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There's Something Fishy About Genetically Engineered Salmon

Genetically Engineered Salmon

When it comes to genetic engineering, most of the attention in the UK has gone to crops and the global explosion of GE soy and maize cultivation. However, new technologies have allowed the creation of far more complex organisms. GE mosquitos and fish are now commercially viable and ready to enter the global markets.

At least 35 species of fish are currently being genetically engineered around the world, including trout, catfish, tilapia, striped bass, flounder, and many species of salmon.  These fish are being engineered for traits that allegedly will make them better suited for industrial fish farming, such as faster growth, disease resistance, larger muscles, and temperature tolerance.  

One example of these GE fish is GE AquAdvantage salmon…

GE Salmon comparison

Produced by UK-based AquaBounty, the AquAdvantage salmon incorporates the anti-freeze genes of ocean pout and the fast growing genes of the Chinook salmon into an Atlantic salmon. The foreign DNA strands reprogram the salmon’s metabolism: the chinook gene signals the manufacture of extra growth hormones, while the ocean pout gene keeps that internal hormone factory switched to “on” during the winter months, when ordinary salmon stop growing.

The effect is that the foreign genes accelerate the fish’s growth: a tiny fry grows to a 13-pound adult in two years—twice as fast as an ordinary farm-raised fish. Thus the fish can be farmed year-round, in any climate, and more production cycles squeezed into less time. However, while substantially larger, the nutritional benefit of the fish is considerably less.

AquAdvantage Nutrition Facts


Challenging the approval of this technology will require an international effort since this GE salmon is truly transnational. The British company will produce the fertilized eggs in Canada before shipping them to Panama to grow in land-based systems and then will be sold in US supermarkets.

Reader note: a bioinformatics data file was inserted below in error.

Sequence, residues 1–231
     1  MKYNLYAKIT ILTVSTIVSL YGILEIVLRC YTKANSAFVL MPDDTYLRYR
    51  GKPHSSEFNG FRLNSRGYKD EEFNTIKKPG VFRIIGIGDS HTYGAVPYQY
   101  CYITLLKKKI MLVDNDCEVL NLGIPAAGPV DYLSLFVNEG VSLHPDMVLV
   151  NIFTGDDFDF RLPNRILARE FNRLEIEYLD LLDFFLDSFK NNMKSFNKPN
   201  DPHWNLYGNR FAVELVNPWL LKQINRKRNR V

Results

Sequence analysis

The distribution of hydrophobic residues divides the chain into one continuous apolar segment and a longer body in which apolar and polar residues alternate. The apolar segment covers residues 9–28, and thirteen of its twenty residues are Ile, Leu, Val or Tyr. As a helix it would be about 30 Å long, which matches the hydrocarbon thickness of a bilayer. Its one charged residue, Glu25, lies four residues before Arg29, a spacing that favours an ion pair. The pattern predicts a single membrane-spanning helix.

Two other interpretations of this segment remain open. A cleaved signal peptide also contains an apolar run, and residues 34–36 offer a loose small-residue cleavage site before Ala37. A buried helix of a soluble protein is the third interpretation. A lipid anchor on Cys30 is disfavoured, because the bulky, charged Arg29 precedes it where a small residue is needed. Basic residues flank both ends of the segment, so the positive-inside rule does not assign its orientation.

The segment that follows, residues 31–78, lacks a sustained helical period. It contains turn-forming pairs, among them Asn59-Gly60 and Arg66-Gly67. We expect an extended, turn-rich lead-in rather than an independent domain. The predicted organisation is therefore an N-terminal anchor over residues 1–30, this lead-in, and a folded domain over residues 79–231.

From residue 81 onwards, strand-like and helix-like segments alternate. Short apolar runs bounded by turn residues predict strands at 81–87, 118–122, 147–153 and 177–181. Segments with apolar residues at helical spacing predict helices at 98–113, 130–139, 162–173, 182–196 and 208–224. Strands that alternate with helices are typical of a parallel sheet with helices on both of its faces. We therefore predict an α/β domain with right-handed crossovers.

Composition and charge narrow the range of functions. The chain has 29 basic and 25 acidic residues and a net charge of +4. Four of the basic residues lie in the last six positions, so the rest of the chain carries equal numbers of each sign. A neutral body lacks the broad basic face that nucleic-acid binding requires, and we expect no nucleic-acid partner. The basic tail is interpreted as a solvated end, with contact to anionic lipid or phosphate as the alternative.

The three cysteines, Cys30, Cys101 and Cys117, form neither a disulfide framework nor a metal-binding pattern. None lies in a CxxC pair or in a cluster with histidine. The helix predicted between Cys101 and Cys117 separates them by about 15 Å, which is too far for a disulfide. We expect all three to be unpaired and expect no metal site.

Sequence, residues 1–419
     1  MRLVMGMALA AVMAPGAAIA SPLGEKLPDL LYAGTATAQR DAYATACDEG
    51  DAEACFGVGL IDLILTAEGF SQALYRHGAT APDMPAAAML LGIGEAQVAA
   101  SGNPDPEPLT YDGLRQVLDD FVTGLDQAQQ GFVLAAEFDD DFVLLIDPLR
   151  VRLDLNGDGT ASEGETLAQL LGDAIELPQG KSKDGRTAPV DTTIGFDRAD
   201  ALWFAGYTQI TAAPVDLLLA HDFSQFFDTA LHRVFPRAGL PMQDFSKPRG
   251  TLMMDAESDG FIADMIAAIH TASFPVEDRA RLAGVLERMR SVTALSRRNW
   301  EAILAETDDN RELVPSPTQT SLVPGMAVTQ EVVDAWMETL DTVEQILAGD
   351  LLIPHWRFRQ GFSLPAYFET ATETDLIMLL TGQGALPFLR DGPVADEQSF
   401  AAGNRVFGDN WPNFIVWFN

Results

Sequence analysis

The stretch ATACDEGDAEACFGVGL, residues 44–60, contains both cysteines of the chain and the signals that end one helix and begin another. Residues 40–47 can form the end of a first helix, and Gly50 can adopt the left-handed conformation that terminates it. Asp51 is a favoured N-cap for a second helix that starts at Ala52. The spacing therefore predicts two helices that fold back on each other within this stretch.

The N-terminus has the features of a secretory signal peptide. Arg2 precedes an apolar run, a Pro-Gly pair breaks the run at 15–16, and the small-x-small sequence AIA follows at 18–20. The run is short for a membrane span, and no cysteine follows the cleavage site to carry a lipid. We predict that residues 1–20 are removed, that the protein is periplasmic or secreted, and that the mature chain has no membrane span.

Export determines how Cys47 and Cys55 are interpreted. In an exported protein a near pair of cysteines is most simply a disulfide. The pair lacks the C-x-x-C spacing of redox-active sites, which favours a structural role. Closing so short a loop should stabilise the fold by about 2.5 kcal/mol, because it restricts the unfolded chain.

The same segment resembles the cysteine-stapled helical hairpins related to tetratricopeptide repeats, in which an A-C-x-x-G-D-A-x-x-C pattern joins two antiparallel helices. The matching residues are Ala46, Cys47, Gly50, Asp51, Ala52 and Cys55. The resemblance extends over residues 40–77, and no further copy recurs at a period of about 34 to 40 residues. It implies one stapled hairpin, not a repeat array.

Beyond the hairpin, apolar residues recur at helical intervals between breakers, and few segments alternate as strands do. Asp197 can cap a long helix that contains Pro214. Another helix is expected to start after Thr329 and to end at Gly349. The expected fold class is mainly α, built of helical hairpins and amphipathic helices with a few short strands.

The environmental impacts would be considerable. While the salmon authorization is based on them being grown in a land-based system, if the genetically altered fish were to make its way into rivers and oceans, it could outcompete the smaller wild salmon for food and breeding grounds. The knock-on impacts on wild salmon and other wildlife could be devastating.

The U.S. Food and Drug Administration approved the salmon for sale in supermarkets in November 2015, while the Health Canada and the Canadian Food Inspection Agency followed in May 2016. Although the salmon hasn’t yet hit US shelves and certain retailers, including Whole Foods, Trader Joe’s and Aldi, have said that they will not sell the genetically modified fish, sales began in Canada earlier this year.

However, despite its approval in the US, there is significant opposition to GE salmon.  

Senator Murkowski of Alaska is challenging the validity of this “frankenfish” and has recently introduced a new bill “The Genetically Engineered Salmon Labeling Act”, which requires any salmon that is genetically engineered to be labelled as such.

Currently, the US, has no formalized requirement to label GE fish (or any GE products) with clear on-package labels. While the National Bioengineered Food Disclosure Act should create a US labelling standard by July 2018, there has been no movement on the issue since President Trump came to office. Even if it was to be implemented, the law allows companies to decide whether to disclose GE food on the package or merely on their website. Senator Murkowski’s bill aims to increase transparency in the food system by requiring on-package GE labels.

Equally important, her bill also requires the Secretary of Health and Human Services to ensure a third-party independent scientific review of the Food and Drug Administration’s environmental assessment for all GE finfish, including GE salmon, for human consumption.

Despite AquaBounty being a UK-company, GE fish is not approved for sale in the UK nor the EU. Given that a 2014 YouGov poll found that 46% of adults had negative views about GE, it seems unlikely that GE salmon would find a sufficient market with the UK public who have roundly rejected GE foods.

That said, as Britain prepares to leave the EU, future trade deals are being negotiated that threaten to open the UK market to GE products including AquAdvantage salmon. It’s critical that the public continues to raise their rejection of GE to government and raise awareness of the potentially damaging impacts of GE on the environment, on human health and on small producers.

For more information about genetic engineering in the UK and recent GE developments around the world, read our campaign page to Stop Genetic Modification